One easy way to develop your own reader's theater scripts is to adapt books. I have adapted several Magic Schoolbus books into scripts by assigning roles to each character, adding in a narrator for the backstory, or assigning the backstory to a character. It's easy to do and really helps make the content engaging and suitable for rereading!
Inspired by my students, I wrote these math Reader's Theaters: Goldilocks and the Three Angles, and Parallela and Her Wicked Stepsisters. We had a blast with them, reviewing lines and angles in a fun story!
3. Engaging students in enjoyable reading
This one's kind of DUH! We want reading to be enjoyable and reader's theater is a great way to do that! Look at how engaged these readers are!
4. Encouraging students to create and perform using their own unique skills
The first three reasons are pretty academic, but the fourth, bringing out what students have inside, is probably the most important. This story shows one of the many reasons why I love Reader's Theater scripts:
One year, I had a student who struggled to control his behavior. Let's be honest - it wasn't just one year. But that's the one I'm writing about today! He had anger issues and had seen a lot of violence in his home. He had a severe stutter, especially when he was agitated, and it was very hard to reach him. He had his positive moments, but on average, it was a struggle. Let's call him Philip.
That year, I had my students practice a Reader's Theater script I wrote for the book The Giving Tree. I love Reader's Theater scripts and frequently wrote them and used them in my classroom. I divided up the parts by difficulty and then "randomly" distributed them - it was still pretty much random, except for a handful of more simple parts that I reserved for my kids who needed something more simple to read.
Well, you may guess where this is going. When I handed out the parts, I - completely honestly randomly- handed Philip the part of the tree. Oh, my Lord. The tree. The one who keeps giving. The one who says, "Here, boy, come and play on my branches." The one who loooooves the boy so much.
So I wasn't so sure if this was a good idea. For one, he didn't seem that excited about it. I pretended like I didn't see what was wrong with it, and I said, "You're going to do a great job! Just practice, and think about what voice the tree would use!"
He did. He practiced, and practiced, and he learned those lines. And on the day we performed, after the narrators had introduced the plot, Philip opened his mouth, and in a high, loving, woman's voice, said, "Come, Boy, come and climb up my trunk and swing from my branches and eat apples and play in my shade and be happy."
No one dared laugh. The other kids looked at me, wide-eyed and wondering. We all kind of sat there, stunned, for a second, until the next reader realized is was his part to read. It was incredible. I almost cried (and I almost laughed). This script brought something out in Philip that I would never have seen otherwise. He continued the voice throughout the whole play.
So that's why I love reader's theater scripts.
This Thanksgiving, I decided to create some Reader's Theater scripts for two readers. They're suitable for partner time, such as Buddy Reading or Read to Someone. They're written specifically in two parts!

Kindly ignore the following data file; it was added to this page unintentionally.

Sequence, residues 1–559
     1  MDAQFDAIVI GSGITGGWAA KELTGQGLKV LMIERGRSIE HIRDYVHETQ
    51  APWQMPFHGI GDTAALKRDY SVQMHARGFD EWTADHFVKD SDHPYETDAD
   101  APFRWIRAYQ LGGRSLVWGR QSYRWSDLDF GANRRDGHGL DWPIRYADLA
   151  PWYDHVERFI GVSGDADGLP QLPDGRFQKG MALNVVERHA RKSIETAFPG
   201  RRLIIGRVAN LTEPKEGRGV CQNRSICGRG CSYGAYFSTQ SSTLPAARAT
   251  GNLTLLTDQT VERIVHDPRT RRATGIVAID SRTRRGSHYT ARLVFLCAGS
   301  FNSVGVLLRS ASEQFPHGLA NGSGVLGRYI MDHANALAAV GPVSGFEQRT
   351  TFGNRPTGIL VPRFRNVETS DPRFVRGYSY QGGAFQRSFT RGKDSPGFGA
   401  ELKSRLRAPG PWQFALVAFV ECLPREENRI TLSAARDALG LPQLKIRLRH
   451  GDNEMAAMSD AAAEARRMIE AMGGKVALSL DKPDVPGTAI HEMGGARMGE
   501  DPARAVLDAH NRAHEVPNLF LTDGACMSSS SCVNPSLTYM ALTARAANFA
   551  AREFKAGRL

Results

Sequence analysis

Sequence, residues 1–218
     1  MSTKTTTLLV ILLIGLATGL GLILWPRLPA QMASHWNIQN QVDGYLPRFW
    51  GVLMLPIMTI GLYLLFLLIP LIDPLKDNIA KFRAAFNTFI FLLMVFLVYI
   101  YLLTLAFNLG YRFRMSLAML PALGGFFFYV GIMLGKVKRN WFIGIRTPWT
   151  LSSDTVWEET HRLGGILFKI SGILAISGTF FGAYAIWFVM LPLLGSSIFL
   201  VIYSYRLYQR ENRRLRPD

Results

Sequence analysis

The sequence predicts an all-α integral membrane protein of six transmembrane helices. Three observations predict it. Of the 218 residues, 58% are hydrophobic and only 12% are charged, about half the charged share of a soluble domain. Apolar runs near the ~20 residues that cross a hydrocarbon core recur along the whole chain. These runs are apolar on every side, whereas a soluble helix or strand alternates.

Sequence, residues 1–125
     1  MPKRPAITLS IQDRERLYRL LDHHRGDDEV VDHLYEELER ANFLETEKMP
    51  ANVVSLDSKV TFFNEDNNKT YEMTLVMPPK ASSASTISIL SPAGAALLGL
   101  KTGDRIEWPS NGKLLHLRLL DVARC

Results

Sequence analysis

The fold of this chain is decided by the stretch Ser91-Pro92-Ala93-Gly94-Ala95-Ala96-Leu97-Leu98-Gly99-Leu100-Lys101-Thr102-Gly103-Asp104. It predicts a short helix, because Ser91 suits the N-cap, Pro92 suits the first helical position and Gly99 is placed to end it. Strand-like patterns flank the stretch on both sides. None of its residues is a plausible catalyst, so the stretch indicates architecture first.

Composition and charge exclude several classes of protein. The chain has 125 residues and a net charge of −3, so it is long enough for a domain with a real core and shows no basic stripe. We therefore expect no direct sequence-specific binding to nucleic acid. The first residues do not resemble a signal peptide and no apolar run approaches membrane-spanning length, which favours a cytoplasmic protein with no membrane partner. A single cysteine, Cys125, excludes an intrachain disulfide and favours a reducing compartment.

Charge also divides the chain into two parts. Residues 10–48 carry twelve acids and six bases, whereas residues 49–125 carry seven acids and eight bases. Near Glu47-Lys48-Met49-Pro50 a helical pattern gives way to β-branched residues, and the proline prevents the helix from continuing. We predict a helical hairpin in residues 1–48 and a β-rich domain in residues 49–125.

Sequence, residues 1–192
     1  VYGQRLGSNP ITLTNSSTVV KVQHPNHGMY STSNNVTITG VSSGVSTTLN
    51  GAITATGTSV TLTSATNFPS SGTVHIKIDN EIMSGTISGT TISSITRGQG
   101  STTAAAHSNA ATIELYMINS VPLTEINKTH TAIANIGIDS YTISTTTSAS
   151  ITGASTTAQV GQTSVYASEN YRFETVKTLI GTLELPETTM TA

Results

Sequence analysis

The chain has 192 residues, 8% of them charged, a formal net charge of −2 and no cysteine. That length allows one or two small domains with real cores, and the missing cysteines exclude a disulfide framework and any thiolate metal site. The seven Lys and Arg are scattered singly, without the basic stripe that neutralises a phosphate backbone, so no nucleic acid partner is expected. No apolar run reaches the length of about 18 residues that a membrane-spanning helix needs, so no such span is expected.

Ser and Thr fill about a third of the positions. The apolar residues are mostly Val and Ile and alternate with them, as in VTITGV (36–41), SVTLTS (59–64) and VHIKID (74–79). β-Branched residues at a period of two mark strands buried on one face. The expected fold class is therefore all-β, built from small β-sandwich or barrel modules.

One of my good friends took the scripts and laminated them. They're each two pages long, so she used a large piece of construction paper and put the pages side by side. Each student receives a copy.
Then she put the scripts in her Read to Someone station. Are these readers adorable or what?
And if you're ready to use Reader's Theater in your own classroom, you can check out my Reader's Theater freebie! The First Thanksgiving Reader's Theater: a play for nine readers. (I used to pair up my kids or make a group of three for each part.)
November's Bright Ideas post is very unique. Instead of being a million brand-new bright ideas, we're giving you a change to browse through some of the great bright ideas from the last ten months that you might have missed!
The Bright Ideas posts are great places to get interesting and useful tips and ideas to use in your classroom without having to download anything! No freebies, no products, and no hard drive space involved! Just good teaching and great tips.
These are my Bright Ideas posts from the last year. Check them out and maybe you'll find something new to try out!
I was extra-excited about this Bright Idea. This fun Creative Writing Response for Any Book! is a good way to get kids to respond to text while encouraging them to develop their writing vocabularies, too!
Setting Behavioral Goals is a great way to get kids thinking about their own goals for behavior while encouraging teamwork, too!
I love my color-coded Response Rings for checking for understanding. I hope you love them, too!
I'm super excited to participate. I love these holiday link ups!
We've been married for just over a year, and I'm so thankful God put him in my life. He blesses me every day with kindness and love.
My family is the best. They are fun and they do whatever it takes to help each other out.
My colleagues are incredible. We have a beautiful team, full of people who always say, "Yes, I can help!" and "Yes, we can do it!" They're such a blessing.
As I was looking for pictures to add to this slide, I realized I have a problem. I found all of these pictures in my iphotos from one week of our honeymoon. ONE WEEK. I love coffee. It don't need it but I sure do appreciate it. I've been going a little crazy with the creamer lately, though. I can't turn down those holiday flavors.
I binge-watch all sorts of shows while I work. This year, this has included: Bob's Burgers, Once Upon a Time, The Walking Dead, and Orange is the New Black. (Arrested Development and 30 Rock are the old stand-bys)
Books, books, books, books, books. Need I say more?
I met some amazing people last summer in Vegas. They've really helped me on my way!
They have made so many things possible in our lives. Thank God for the teachers who spend their hard-earned money on products I've made!
What are you thankful for? Head over to the link-up to see what the other primary powers bloggers are thankful for, or to link up your own thankful post!